Belieb it or not, we take our television recapping pretty seriously at The Muse via Jezebel dot com. Our goal, typically, is not to simply regurgitate the plot of a television episode that you’ve already watched, but to talk about theme, how things fit together, and ideally provide some insights that you maybe haven’t considered before. With that in mind, the theme of last night’s Game of Thrones episode—“Kill the Boy”—was... me being bored.
Sure, a real theme was there: Everyone is leaving the past behind, accepting that things have changed, and attempting to move forward into uncharted territory with new and fragile alliances, but honestly, isn’t that the theme of practically every Game of Thrones episode? Jon Snow is breaking barriers (and little orphan boys’ hearts) by forming an alliance with the Wildlings (it’s not the first time he’s fought alongside them) and Daenerys Targaryen will marry into one of the wealthy families of Meereen, both for peace and political gain (this will be her second political marriage).
Jorah Mormont and Tyrion are quite literally exploring new ground (or new old ground, more accurately) as they sail through the ancient, abandoned kingdom of Valyria. It’s there that Tyrion gets his first look at a dragon and we get our first look at the Stone Men—humans so infected with greyscale that they were exiled from their homes and sent to an island where they’ve turned feral and violent. Turns out that living in Westerosi equivalent of a leper colony (if leper colonies didn’t have doctors or structure) has soured them a bit on visitors, leading them to attack Tyrion and Jorah upon their arrival.
The visual of the Stone Men and the ensuing battle was exciting, but not exciting enough to make me care that Jorah, upon touching one of his attackers, becomes infected with the highly communicable disease. In fact, I’d be entirely unmoved, except that I suspect that becoming a stone man will only make him talk even slooooower than he already does and I’m not sure if I can bear it.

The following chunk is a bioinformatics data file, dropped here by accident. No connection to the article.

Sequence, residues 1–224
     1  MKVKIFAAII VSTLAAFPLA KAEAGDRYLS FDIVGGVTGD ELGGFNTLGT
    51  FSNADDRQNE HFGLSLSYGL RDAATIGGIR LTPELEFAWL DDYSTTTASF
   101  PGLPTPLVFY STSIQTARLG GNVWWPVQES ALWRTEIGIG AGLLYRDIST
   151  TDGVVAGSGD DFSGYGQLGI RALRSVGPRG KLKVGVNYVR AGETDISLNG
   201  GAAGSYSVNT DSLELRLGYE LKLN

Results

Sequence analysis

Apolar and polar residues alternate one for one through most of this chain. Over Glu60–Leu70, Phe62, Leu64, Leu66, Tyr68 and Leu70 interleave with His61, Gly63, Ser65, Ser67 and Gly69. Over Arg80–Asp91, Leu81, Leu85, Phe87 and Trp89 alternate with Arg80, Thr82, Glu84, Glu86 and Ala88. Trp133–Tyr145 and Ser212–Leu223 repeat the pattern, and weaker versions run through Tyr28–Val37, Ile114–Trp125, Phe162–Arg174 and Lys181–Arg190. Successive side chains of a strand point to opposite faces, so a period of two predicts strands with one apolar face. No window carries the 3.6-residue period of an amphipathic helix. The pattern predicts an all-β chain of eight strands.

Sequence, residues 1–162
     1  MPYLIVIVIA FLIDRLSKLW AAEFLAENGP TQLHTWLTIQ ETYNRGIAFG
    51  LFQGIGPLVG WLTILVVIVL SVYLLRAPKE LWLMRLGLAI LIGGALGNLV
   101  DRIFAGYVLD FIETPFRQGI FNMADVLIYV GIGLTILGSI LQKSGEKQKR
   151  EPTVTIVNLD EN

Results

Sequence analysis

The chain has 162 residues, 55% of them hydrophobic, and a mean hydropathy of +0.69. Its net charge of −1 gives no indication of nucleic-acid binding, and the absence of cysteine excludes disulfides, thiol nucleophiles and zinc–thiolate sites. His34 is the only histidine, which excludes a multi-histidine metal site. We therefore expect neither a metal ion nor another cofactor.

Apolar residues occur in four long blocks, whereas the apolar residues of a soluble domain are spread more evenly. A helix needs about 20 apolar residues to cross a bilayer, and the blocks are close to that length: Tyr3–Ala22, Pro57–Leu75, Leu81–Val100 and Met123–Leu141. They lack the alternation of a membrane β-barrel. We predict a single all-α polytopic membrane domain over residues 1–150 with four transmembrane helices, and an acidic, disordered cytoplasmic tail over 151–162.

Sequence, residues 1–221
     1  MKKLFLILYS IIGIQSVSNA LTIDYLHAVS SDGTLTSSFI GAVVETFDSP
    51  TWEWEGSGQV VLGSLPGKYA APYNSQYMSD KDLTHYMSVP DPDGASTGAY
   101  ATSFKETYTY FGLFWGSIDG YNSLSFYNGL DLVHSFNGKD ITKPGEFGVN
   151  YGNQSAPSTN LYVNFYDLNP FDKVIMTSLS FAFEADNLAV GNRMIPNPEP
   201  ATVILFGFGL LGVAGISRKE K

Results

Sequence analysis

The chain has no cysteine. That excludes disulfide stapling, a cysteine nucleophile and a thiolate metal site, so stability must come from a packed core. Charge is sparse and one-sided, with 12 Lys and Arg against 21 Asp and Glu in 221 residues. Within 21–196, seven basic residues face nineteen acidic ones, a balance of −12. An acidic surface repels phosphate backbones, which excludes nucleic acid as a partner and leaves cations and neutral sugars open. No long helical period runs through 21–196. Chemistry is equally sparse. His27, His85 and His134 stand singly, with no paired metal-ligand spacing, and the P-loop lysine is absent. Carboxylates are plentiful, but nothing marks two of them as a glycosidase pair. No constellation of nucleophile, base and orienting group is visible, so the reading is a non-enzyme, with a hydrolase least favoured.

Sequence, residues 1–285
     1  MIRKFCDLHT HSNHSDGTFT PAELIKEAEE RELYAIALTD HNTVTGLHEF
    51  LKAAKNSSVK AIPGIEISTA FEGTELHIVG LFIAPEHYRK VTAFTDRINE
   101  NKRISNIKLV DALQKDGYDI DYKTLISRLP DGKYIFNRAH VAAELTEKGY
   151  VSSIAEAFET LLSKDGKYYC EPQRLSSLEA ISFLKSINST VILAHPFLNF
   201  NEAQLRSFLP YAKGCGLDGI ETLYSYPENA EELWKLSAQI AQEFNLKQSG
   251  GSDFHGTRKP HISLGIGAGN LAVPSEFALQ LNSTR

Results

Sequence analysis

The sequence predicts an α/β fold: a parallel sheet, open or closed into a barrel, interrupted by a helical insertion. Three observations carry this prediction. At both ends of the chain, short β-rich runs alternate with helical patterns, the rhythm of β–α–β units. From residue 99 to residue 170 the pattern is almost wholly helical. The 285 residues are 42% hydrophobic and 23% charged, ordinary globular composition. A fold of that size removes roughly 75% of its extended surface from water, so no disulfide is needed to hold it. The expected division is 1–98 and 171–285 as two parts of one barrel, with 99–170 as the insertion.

At least we still have have Sansa and Ramsay Bolton’s impending nuptials to keep us on our toes. Ramsay, ever the sadist, is doing his best to emotionally torture his bride-to-be, but Sansa—having already been engaged to the literal KING of nightmare fiancés—can’t be bothered to give a fuck. “Do you think this is my first rodeo?,” her eyes say as Ramsay suggests that Theon—the man that supposedly killed her two youngest brothers— give her away at their wedding. For as whatever as Sansa seems, Roose Bolton is sick of Ramsay’s shit and takes some time to remind him just how replaceable he is as an heir. While I doubt the threat of a younger brother will make Ramsay chill out, it was still fun to see him sweat for a minute.
I don’t know. Maybe there have been so many character deaths on Game of Thrones that I’ve reached the point where, out of self-protection, I’ve detached from who’s left, maybe things have actually gotten more boring as the seasons progress, or maybe (most likely) Maddie Mama was too soused on her Cersei sauce last night to fully take the episode in, but no matter which answer is right and no matter how drunk I continue to be, something on this show has got to give. I expect the same out of Game of Thrones as I do my satanic sex parties (also scheduled for Sundays at 9 p.m.): More blood, more butts, and a whole lot less planning.
VAGINA: Only the cusp.
ONE MAN, burned and devoured by dragons.
Image via HBO.
Contact the author at firstname.lastname@example.org.